EGU General Assembly 2020
© Author(s) 2020. This work is distributed under
the Creative Commons Attribution 4.0 License.

Towards a scalable framework for earth science simulation models, using asynchronous many-tasks

Kor de Jong1,2, Derek Karssenberg1, Deb Panja2, and Marc van Kreveld2
Kor de Jong et al.
  • 1Utrecht University, Faculty of Geosciences, Department of Physical Geography, Utrecht, The Netherlands (
  • 2Utrecht University, Faculty of Sciences, Department of Information and Computing Sciences, Utrecht, The Netherlands

Computer models are built with a specific purpose (or scope) and runtime platform in mind. The purpose of an earth science simulation model might be to be able to predict the spatio-temporal distribution of fresh water resources at a continental scale, and the runtime platform might be a single CPU core in a single desktop computer running one of the popular operating systems. Model size and complexity tend to increase over time, for example due to the availability of more detailed input data. At some point, such models need to be ported to more powerful runtime platforms, containing more cores or nodes that can be used in parallel. This complicates the model code and requires additional skills of the model developer.

Designing models requires the knowledge of domain experts, while developing models requires software engineering skills. By providing facilities for representing state variables and a set of generic modelling algorithms, a modelling framework makes it possible for domain experts without a background in software engineering to create and maintain models. An example of such a modelling framework is PCRaster [3], and examples of models created with it are the PCRGLOB-WB global hydrological and water resources model [2], and the PLUC high resolution continental scale land use change model [4].

Models built using a modelling framework are portable to all runtime platforms on which the framework is available. Ideally, this includes all popular runtime platforms, ranging from shared memory laptops and desktop computers to clusters of distributed memory nodes. In this work we look at an approach for designing a mod elling framework for the development of earth science models using asynchronous many-tasks (AMT). AMT is a programming model that can be used to write software in terms of relatively small tasks, with dependencies between them. During the execution of the tasks, new tasks can be added to the set. An advantage of this approach is that it allows for a clear separation of concerns between the model code and the code for executing work. This allows models to be expressed using traditional procedural code, while the work is performed asynchronously, possibly in parallel and distributed.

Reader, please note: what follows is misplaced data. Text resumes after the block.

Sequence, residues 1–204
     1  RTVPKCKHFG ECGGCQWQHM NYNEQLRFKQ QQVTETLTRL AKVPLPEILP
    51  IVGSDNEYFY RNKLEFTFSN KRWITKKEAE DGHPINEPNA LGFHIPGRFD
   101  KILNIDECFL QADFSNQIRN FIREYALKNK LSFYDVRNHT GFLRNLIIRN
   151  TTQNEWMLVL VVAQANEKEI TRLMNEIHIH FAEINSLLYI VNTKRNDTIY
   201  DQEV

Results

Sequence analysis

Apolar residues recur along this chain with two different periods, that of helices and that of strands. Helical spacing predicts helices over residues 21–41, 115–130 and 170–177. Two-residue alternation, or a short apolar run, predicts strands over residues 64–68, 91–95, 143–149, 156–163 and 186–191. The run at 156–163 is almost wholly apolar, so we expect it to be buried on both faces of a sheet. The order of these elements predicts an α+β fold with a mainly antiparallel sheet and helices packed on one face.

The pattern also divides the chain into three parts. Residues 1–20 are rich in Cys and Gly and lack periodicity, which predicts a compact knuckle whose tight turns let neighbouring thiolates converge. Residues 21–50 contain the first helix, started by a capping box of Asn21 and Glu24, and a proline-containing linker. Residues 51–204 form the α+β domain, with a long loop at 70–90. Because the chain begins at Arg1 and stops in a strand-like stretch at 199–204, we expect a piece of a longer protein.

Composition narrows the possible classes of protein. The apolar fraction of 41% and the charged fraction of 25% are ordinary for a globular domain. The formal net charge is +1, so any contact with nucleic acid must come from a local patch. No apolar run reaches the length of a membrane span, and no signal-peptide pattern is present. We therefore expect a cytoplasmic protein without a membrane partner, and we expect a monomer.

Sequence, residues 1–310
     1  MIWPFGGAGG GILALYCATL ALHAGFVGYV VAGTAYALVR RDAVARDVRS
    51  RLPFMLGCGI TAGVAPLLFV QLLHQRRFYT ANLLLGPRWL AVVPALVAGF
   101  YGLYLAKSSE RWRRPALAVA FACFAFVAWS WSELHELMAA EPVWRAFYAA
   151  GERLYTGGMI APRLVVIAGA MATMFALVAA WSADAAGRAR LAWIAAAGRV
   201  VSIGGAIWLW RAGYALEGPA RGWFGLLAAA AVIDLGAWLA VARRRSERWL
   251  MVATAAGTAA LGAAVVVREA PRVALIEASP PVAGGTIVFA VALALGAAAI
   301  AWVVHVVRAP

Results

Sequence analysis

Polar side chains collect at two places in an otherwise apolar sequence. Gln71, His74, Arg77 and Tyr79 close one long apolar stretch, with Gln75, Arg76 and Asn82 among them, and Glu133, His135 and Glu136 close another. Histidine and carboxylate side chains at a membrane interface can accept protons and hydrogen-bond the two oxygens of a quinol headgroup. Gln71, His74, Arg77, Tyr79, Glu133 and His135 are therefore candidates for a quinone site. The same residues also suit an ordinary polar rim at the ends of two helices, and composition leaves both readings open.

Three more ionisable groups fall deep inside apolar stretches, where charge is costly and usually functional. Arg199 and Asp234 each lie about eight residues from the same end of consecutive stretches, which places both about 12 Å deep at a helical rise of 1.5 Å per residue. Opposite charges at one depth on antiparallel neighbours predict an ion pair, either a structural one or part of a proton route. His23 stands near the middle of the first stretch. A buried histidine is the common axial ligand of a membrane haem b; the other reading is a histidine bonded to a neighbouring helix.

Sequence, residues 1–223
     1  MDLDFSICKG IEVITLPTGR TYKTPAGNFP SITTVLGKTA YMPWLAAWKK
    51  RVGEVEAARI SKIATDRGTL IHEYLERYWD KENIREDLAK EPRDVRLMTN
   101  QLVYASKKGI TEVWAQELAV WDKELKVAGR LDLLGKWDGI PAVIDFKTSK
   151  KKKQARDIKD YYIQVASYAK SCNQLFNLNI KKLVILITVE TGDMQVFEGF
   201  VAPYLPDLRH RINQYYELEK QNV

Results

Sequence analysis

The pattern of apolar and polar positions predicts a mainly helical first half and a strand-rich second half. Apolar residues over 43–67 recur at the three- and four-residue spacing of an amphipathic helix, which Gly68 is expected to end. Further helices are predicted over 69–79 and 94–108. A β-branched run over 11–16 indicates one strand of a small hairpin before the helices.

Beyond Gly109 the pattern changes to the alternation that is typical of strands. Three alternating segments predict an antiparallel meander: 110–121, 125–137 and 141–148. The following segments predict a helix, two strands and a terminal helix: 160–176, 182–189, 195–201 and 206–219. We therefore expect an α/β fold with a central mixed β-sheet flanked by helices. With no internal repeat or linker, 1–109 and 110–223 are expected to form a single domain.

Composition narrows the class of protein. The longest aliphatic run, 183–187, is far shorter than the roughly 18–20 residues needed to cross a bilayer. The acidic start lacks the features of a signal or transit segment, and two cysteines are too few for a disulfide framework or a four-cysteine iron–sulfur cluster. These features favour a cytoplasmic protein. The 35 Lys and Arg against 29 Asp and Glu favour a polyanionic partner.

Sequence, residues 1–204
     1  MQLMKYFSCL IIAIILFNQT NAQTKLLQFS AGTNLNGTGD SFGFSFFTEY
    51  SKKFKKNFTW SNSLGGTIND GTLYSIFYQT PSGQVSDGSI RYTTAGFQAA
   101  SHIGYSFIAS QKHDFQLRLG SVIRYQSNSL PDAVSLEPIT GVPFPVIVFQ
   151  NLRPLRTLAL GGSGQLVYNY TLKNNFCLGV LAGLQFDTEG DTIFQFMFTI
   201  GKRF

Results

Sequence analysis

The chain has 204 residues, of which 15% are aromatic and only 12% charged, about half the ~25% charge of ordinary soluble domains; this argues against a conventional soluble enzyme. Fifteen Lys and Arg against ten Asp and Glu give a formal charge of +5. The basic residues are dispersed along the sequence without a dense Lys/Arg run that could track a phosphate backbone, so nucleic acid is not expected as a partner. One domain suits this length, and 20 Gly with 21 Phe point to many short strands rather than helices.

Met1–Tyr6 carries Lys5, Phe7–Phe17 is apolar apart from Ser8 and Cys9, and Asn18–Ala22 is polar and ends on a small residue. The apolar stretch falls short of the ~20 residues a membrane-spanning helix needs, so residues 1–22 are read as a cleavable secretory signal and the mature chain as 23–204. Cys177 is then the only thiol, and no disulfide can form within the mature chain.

We designed and implemented a distributed array data structure and an initial set of modelling algorithms, on top of an implementation of the AMT programming model, called HPX [1]. HPX provides a single C++ API for defining asynchronous tasks and their dependencies, that execute locally or on remote nodes. We performed experiments to gain insights in the scalability of the individual algorithms and simple models in which these algorithms are combined.

In the presentation we will explain key aspects of the AMT programming model, as implemented in HPX, how we used the programming model in our framework, and the results of our scalability experiments of models built with the framework.

[1] HPX V1.3.0., 5 2019.

[2] E. H. Sutanudjaja et al. PCR-GLOBWB 2: a 5 arc-minute global hydrological and water resources model. Geoscientific Model Development Discussions, pages 1–41, dec 2017.

[3] The PCRaster environmental modelling framework.

[4] PLUC model.

How to cite: de Jong, K., Karssenberg, D., Panja, D., and van Kreveld, M.: Towards a scalable framework for earth science simulation models, using asynchronous many-tasks, EGU General Assembly 2020, Online, 4–8 May 2020, EGU2020-18749,, 2020

Display materials

Display file

Comments on the display material

AC: Author Comment | CC: Community Comment | Report abuse

Display material version 1 – uploaded on 01 May 2020, no comments